— March 27: “Over the last week the world has witnessed the skill and honor and resolve of our military in the course of battle,” Bush said at MacDill Air Force Base in Tampa, Fla. “We have seen the character of this new generation of American armed forces. We’ve seen their daring against ruthless enemies and their decency to an oppressed people. Millions of Americans are proud of our military, and so am I. I am honored to be the commander in chief….

“Our military is making good progress in Iraq; yet this war is far from over,” the president said. “As they approach Baghdad, our fighting units are facing the most desperate elements of a doomed regime. We cannot know the duration of this war, but we are prepared for the battle ahead. We cannot predict the final day of the Iraqi regime, but I can assure you, and I assure the long-suffering people of Iraq, there will be a day of reckoning for the Iraqi regime, and that day is drawing near.”

— March 28: “It isn’t a matter of timetable; it’s a matter of victory,” Bush said in a joint news conference with British Prime Minister Tony Blair in Washington. “And the Iraqi people have got to know that. They’ve got to know that they will be liberated and Saddam Hussein will be removed, no matter how long it takes.”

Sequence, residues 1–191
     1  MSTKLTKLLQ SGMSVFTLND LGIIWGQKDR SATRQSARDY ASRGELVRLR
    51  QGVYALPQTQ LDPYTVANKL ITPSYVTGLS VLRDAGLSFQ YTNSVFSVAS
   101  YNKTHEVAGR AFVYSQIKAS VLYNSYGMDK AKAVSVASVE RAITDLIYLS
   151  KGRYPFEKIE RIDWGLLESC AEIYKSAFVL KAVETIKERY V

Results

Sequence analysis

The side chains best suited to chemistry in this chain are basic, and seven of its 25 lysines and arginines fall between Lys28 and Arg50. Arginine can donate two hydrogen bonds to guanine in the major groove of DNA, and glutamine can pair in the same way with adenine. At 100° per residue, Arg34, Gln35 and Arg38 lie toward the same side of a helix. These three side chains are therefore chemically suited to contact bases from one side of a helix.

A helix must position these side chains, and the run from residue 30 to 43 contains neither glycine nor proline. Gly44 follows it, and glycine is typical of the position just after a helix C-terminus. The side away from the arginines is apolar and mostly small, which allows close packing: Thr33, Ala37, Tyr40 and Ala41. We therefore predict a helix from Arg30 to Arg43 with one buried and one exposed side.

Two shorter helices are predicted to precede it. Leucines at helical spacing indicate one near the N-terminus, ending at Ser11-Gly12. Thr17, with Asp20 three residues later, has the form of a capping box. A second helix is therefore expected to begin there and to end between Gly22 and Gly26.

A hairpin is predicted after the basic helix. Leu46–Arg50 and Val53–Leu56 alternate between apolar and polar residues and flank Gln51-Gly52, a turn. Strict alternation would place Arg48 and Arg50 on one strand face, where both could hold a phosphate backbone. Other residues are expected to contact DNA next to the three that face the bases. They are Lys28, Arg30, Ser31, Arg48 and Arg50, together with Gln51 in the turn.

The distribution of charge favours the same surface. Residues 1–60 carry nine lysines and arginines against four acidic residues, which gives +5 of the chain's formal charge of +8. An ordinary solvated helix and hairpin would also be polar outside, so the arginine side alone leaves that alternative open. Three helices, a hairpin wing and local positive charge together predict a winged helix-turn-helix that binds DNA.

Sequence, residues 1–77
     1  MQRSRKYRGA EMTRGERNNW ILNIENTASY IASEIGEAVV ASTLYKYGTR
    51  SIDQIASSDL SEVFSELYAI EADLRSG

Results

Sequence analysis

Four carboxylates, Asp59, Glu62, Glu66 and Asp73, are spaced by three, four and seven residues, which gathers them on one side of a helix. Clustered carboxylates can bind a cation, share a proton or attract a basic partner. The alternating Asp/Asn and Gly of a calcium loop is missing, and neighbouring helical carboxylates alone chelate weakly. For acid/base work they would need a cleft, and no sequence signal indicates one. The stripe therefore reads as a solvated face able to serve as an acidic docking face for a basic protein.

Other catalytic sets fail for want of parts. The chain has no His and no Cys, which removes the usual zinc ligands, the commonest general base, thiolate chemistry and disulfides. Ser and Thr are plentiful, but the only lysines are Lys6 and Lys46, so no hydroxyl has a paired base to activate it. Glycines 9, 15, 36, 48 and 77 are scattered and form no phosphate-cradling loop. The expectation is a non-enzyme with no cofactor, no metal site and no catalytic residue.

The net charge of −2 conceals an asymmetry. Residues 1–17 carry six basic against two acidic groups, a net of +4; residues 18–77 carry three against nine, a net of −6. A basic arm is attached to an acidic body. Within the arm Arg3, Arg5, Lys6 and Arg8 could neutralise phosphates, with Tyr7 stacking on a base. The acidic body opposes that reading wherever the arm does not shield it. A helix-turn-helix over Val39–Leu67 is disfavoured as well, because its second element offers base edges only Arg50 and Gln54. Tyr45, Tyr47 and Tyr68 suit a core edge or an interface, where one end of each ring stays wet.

— March 31: “Our victory will mean the end of a tyrant who rules by fear and torture. Our victory will remove a sponsor of terror, armed with weapons of terror. Our victory will uphold the just demands of the United Nations and the civilized world,” the president said at the port of Philadelphia. “And when victory comes, it will be shared by the long-suffering people of Iraq, who deserve freedom and dignity.”

— April 4: “A vise is closing, and the days of a brutal regime are coming to an end,” the president said at Camp Lejeune, N.C.

“Our armed services have performed brilliantly in Operation Iraqi Freedom. Moving a massive force over 200 miles of enemy territory in a matter of days is a superb achievement,” Bush said. “Yet there is work ahead for our coalition, for the American Armed Forces and for the United States Marines. Having traveled hundreds of miles, we will now go the last 200 yards. The course is set. We’re on the advance. Our destination is Baghdad, and we will accept nothing less than complete and final victory.”